Weekend Reading is a weekly rundown of our favorite stories from around the web.
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Has Sneaker Hype Gone Too Far?
It may seem odd coming from us — we’re HYPEBEAST after all — but, with the triple effect of an aggressive and unpleasant convention, Nike’s SNKRS app crashing under the weight of 'THE TEN' release, and Sean Wotherspoon’s Air Max 97/1 release being cancelled, there’s clearly something wrong with the world of sneakers at the moment. And a lot of that comes down to one question: why is it so hard to buy a pair?

via: Hypebeast

Colette Founder Sarah Andelman Explains the Importance of Collaborations
When Jeff Staple invited me to join his 'The Art of Collab' panel at ComplexCon, I was very anxious because I’m too shy to speak in public. But I was also very excited because it’s the story of my life; I adore collabs! It also forced me to look at the past and review what we, Colette, have done—something I never do.

via: Complex

Unpublished Warhols May Soon Be for Sale—on Calvin Klein Underwear
Calvin Klein and the Andy Warhol Foundation for Visual Arts have teamed up for a big multi-year partnership that will license a wide swathe of the pop artist’s work for use across Calvin Klein’s various fashion lines.

via: Quartz

Inside Adidas’ Robot-Powered, On-Demand Sneaker Factory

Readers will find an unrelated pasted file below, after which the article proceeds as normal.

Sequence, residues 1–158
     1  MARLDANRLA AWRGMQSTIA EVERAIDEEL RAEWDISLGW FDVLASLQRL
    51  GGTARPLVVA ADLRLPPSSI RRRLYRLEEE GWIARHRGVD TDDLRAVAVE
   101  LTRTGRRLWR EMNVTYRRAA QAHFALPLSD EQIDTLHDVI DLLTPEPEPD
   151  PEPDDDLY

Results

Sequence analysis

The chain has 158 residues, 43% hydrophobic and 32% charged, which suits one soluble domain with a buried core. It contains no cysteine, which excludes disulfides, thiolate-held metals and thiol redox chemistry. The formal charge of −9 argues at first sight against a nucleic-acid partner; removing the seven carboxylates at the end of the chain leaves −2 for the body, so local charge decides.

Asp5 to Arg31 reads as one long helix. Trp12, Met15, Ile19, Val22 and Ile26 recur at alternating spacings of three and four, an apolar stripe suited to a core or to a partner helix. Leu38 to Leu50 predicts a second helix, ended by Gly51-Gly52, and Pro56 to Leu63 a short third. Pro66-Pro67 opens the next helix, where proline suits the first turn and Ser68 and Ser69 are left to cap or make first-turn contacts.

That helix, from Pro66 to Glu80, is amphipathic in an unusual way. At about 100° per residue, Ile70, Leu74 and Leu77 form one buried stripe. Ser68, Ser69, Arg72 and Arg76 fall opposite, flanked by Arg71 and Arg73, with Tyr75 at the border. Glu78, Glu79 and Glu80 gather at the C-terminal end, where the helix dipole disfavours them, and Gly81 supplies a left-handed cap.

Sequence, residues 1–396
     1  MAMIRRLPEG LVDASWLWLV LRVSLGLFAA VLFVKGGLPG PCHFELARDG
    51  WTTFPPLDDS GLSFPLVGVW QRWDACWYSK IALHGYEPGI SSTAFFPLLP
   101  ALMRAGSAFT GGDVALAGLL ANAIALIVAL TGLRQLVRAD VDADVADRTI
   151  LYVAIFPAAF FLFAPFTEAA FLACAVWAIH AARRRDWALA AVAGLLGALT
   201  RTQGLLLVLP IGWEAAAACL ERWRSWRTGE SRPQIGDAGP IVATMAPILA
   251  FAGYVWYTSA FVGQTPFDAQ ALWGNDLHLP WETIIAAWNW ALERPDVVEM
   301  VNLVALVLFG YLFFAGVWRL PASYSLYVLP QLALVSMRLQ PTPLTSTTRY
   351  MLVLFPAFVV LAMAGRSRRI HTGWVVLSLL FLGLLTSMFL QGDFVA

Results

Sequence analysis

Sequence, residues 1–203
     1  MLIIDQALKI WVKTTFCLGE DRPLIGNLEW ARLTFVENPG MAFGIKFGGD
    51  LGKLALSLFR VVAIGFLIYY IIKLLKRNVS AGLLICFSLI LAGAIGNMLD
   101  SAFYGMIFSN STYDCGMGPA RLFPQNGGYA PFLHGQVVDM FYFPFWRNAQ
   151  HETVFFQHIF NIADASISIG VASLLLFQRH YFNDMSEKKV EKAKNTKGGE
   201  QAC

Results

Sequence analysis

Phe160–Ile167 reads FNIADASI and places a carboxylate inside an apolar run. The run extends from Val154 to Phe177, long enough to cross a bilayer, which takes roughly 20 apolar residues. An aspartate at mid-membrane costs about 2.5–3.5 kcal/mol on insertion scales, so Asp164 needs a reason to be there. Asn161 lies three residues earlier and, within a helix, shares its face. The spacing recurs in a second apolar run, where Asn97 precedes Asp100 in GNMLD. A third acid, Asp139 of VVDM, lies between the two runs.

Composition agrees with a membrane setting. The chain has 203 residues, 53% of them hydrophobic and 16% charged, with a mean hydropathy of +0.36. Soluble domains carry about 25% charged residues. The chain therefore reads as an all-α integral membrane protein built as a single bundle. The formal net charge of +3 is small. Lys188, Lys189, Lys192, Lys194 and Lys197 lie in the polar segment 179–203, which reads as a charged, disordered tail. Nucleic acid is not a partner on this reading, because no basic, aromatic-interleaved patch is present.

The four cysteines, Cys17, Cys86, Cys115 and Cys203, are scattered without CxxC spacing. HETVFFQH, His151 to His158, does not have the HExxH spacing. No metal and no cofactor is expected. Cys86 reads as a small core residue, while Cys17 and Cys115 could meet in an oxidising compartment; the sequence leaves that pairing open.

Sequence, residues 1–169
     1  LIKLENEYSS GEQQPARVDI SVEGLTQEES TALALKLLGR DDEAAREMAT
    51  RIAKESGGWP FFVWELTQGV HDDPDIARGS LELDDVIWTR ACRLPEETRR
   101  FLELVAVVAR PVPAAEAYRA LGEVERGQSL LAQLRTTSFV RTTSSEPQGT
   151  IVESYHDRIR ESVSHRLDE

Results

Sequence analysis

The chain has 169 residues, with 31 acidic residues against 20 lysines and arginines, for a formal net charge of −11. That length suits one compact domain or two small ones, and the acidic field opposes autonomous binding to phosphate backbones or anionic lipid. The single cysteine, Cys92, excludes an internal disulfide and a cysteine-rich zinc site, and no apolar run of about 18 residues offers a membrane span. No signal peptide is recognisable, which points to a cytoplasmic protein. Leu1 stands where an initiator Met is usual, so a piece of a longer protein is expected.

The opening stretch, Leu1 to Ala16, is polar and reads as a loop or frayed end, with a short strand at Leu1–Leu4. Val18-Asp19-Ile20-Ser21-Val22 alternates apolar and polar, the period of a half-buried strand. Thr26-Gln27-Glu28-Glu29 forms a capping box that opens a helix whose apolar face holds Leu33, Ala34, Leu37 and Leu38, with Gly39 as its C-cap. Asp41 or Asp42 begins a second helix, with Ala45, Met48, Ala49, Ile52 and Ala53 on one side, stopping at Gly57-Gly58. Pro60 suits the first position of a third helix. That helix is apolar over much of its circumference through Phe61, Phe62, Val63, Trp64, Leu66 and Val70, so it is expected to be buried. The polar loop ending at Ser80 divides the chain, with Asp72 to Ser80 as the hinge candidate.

Last winter, the sportswear giant adidas opened a pop-up store inside a Berlin shopping mall. The boutique was part of a corporate experiment called Storefactory—a name as flatly self-­explanatory as it is consistent with the convention of German compound nouns. It offered a single product: machine-­knit merino wool sweaters, made to order on the spot. Customers stepped up for body scans inside the showroom and then worked with an employee to design their own bespoke pullovers. The sweaters, which cost the equivalent of about $250 apiece, then materialized behind a glass wall in a matter of hours.

via: Wired

Come Together! How Rave Returned to the Cultural Mix
Before the May bank holiday in 1992, Castlemorton Common in the Malvern Hills was chiefly known only to walkers keen to hike through its 600 acres of unspoilt, unenclosed land. After that bank holiday, however, it became known as the site of Britain’s biggest-ever illegal rave.

via: The Guardian

Kith’s Ronnie Fieg Knows Exactly What You Want
'I had to quit a long time ago,' said Ronnie Fieg, the founder, chief executive and creative director of the street wear brand Kith. 'I was eating cereal a minimum of twice a day and each time was a minimum of two bowls, so I was was eating four bowls of cereal a day, every day, from when I was 11 or 12 until I was 25.'

via: The New York Times

Would You Take Out a Loan for a Pair of Jeans?
Jocelyn Vera Zorn is not eager to talk about the loan she took out to buy the pants. 'It’s kind of embarrassing,' she grimaces. Really, she just wanted the pants: a special-edition pair of Imogene + Willie jeans in a vintage wash with a frayed raw hem that cost around $200. 'I don’t usually shop like that. I don’t usually buy new things, period' — but the pants were on sale, and she liked them, and 'they were kind of an impulse buy,' facilitated by a new kind of point-of-sale personal loan from a company called Affirm.